The Ascent is by most measures a success, something that can be at least be partially chalked up to how it released on day one.
Berg and Frick said that launching day and date on Game Pass, “without a doubt allowed us to reach a huge audience across the Xbox community. One of the biggest challenges today is discoverability, and Microsoft’s support during the marketing campaign was great. It definitely raised The Ascent’s visibility.”
The Game Pass business model’s dramatically changed how independent games make it to market. Neon Giant is by no means the first to adopt this model, and they certainly won’t be the last. Other smaller studios—like the Belarus-based Sad Cat Studios, which will release its 2.5D cyberpunk game Replaced next year—plan to do so as well.
Microsoft does not publicize details of such deals. (Shameless plug: If you have any info, hit me up!) But The Ascent reportedly raked in $5 million at launch even without the Game Pass deal, so clearly the publicity boost is worth putting pen to paper.
Coming out on Game Pass is not without strings, however. Developing across generations is one thing. (In addition to PC, The Ascent is available on both Xbox One and Xbox Series X/S.) But Microsoft’s next-gen offerings are split: two machines, two sets of specs, so two separate layers of development work. Microsoft, by outlining a commitment to release next-gen games on both Xbox Series X and Xbox Series S, creates more work for developers in the process. Xbox head honcho Phil Spencer acknowledged as much in an interview with Kotaku last year.
But Frick and Berg told Kotaku that developing a game simultaneously for both the Xbox Series X and the Xbox Series S was a relative breeze, “once we figured out a few tricks. From a development perspective, the impact was negligible. It was more about testing than anything else,” they said. (They did not respond to a follow-up question asking what those tricks were.)
Whatever the case, and setting aside the multiplayer issues, The Ascent came out well—a fun, great-feeling, transcendentally gorgeous game. Though The Ascent is pretty enough from its intended isometric viewpoint, one popular first-person mod gets you up close and personal with its futuristic arcology setting, showing a game that didn’t compromise an inch on the visuals.
“We do not feel that the details get lost at the camera distance, but to sell the vision of this world full of detail and life, we pushed it quite far on purpose,” Frick and Berg said. “Most if not all the detail is perceived from the game camera distance, even if it is subtle!”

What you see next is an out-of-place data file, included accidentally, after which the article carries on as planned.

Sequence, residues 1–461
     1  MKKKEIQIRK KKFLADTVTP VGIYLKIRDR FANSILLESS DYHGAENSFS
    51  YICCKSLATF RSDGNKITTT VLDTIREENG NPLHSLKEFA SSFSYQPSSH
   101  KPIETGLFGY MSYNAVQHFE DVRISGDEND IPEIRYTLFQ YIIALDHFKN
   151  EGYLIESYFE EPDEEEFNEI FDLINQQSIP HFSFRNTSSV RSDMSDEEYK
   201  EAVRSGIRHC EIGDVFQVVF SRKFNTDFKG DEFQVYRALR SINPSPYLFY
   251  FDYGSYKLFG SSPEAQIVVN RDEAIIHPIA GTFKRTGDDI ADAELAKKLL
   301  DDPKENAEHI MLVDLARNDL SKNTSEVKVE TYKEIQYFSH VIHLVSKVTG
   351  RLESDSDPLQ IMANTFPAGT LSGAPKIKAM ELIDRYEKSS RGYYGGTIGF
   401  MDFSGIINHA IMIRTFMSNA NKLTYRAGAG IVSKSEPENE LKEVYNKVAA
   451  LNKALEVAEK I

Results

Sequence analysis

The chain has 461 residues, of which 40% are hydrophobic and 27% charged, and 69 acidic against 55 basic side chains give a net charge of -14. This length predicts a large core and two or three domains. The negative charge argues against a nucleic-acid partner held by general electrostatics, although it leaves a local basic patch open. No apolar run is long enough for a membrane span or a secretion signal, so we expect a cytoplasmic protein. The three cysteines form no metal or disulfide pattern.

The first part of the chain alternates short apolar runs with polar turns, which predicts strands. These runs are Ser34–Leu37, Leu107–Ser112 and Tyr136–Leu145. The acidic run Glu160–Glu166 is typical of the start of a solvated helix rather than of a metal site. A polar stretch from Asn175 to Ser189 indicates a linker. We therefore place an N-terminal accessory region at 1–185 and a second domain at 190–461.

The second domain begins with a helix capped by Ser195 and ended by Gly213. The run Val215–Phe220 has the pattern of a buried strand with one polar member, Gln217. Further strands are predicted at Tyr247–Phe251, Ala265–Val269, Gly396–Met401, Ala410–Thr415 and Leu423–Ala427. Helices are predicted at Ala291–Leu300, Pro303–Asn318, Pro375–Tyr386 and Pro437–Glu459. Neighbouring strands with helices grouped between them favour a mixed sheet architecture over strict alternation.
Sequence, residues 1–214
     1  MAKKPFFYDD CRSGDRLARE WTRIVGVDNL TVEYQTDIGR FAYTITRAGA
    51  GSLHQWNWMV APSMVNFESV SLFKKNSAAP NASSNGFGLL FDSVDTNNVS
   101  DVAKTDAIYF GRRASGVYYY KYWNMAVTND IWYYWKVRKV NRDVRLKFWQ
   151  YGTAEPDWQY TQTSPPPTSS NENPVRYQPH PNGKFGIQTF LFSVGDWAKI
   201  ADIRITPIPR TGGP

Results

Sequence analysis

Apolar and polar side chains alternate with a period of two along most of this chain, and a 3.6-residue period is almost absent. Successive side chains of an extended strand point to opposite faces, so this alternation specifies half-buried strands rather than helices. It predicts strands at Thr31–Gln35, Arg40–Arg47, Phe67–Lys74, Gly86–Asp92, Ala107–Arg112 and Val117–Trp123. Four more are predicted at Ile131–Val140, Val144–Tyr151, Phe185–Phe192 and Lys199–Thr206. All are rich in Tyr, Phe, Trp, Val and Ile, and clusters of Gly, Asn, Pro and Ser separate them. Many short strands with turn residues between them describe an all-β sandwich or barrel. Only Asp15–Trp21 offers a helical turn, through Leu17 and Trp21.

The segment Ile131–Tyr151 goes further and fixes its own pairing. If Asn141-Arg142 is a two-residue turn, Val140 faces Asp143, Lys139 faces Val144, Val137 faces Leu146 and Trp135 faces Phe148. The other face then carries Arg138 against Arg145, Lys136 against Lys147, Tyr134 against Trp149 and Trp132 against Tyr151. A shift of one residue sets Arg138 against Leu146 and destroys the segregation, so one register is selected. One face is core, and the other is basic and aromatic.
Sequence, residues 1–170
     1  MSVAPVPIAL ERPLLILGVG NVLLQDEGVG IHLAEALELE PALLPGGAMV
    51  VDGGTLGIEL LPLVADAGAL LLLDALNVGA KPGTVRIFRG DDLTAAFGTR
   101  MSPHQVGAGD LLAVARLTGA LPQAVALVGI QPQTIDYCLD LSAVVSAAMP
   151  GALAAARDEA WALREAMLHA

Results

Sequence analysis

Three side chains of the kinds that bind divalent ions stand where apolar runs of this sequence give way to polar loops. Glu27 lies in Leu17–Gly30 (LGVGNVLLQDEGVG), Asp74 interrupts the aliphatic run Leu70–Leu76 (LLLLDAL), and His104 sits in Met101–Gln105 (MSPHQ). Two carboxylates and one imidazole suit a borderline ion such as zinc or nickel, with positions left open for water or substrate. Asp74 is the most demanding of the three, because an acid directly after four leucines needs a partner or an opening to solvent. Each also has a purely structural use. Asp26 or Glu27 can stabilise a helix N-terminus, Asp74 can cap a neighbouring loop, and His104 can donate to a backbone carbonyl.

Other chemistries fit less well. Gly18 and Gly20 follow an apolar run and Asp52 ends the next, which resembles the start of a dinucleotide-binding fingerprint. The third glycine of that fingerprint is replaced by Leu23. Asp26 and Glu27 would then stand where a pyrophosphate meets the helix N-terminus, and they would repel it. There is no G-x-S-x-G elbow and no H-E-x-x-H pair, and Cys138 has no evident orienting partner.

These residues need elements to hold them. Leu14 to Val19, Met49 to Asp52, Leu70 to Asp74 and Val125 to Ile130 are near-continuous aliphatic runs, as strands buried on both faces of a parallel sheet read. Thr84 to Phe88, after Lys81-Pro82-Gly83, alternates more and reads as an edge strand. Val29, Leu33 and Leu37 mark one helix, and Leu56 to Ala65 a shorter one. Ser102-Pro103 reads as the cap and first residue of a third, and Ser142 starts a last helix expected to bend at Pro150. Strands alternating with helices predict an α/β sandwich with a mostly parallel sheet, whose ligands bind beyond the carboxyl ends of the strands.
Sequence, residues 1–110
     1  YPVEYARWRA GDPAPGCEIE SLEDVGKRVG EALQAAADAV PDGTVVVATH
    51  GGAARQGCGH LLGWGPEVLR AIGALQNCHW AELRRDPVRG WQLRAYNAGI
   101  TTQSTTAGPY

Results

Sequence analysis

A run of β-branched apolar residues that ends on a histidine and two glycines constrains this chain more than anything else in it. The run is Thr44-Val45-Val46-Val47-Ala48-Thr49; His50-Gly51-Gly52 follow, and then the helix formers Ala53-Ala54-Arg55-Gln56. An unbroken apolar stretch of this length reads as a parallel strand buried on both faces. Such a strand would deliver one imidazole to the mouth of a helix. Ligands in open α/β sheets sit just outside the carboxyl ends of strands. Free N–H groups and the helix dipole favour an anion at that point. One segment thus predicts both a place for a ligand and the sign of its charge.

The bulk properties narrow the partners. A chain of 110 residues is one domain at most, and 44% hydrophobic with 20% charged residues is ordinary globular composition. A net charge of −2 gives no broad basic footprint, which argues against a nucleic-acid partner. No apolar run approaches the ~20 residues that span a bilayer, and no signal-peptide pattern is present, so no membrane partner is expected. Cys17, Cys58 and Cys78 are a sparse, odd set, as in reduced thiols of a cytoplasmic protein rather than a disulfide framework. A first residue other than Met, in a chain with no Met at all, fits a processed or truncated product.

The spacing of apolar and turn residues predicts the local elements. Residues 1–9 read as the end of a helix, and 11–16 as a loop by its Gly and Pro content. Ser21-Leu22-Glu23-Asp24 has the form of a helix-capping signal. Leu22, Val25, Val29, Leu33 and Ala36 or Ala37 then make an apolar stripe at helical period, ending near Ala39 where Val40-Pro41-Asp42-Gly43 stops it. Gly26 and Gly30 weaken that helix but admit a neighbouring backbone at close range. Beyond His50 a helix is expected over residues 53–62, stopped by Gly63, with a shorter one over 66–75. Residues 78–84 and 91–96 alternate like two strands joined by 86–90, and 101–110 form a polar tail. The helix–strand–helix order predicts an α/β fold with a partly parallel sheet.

In developing an isometric game, Neon Giant could’ve easily gotten away with fudging some of the details. After catching up with Frick and Berg, I don’t get the sense that’s something the studio would do. In fact, the studio seems to boast an efficient pipeline that bucks the industry standard—that of working on ideas for months or years and then scrapping them in an endless cycle of toil.
“As a method, we’ve always made sure to test early and cut early if it’s not aligning with where the game is heading,” Frick and Berg said. “That way we never go too far and lose too much time and effort invested.”
Of course there were some features left on the cutting-room floor. For instance, apparently, an earlier version of The Ascent featured a mini-game that assisted in targeting enemies, plus a far greater focus on hacking. At one point, it featured limited ammo—with a shared ammo pool among all party members. Bonkers, right? Limited bullets? Shared ammo reserves? One of the best parts of The Ascent is how it deviously urges you to give in to your basest spray-and-pray impulses. It’s hard to picture a version of the game that doesn’t encourage holding down R2.
But, in the grand scheme, such things are minimal; we’re not talking about slashed modes and 11th-hour script overhauls here. The commitment to vision is indicative of a game that, despite any bumps in the road, is produced by a team thoroughly confident in what they’ve put into the world.
“We’re getting a lot of [feedback] about people wanting more, which is a fantastic feeling,” Frick and Berg said. “It means we did something right.”